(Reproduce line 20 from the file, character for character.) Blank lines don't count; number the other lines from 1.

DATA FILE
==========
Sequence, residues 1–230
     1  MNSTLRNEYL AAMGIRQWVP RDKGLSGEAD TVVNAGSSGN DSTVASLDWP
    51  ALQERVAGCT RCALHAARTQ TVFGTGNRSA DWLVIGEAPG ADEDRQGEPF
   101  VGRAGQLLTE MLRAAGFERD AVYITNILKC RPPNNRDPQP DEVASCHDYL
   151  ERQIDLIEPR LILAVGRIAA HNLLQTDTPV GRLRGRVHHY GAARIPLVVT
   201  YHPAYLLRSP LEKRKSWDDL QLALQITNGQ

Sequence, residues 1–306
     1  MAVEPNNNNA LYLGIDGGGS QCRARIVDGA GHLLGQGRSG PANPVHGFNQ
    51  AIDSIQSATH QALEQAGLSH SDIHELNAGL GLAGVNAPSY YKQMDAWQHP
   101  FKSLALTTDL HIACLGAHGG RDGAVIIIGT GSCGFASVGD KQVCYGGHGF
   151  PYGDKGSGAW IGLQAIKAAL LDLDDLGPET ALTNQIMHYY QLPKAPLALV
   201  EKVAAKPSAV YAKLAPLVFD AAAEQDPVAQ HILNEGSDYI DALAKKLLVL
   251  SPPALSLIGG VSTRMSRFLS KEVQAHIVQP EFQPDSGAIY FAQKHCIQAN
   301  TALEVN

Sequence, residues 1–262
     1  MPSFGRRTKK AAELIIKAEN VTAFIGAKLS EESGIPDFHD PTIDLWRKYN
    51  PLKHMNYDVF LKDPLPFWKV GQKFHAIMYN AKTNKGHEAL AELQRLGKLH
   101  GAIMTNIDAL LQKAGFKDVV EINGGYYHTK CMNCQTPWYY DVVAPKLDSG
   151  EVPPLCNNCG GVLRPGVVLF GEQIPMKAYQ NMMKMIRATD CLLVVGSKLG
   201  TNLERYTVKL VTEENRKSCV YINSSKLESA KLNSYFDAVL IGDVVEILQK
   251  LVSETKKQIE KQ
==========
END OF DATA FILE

   201  TNLERYTVKL VTEENRKSCV YINSSKLESA KLNSYFDAVL IGDVVEILQK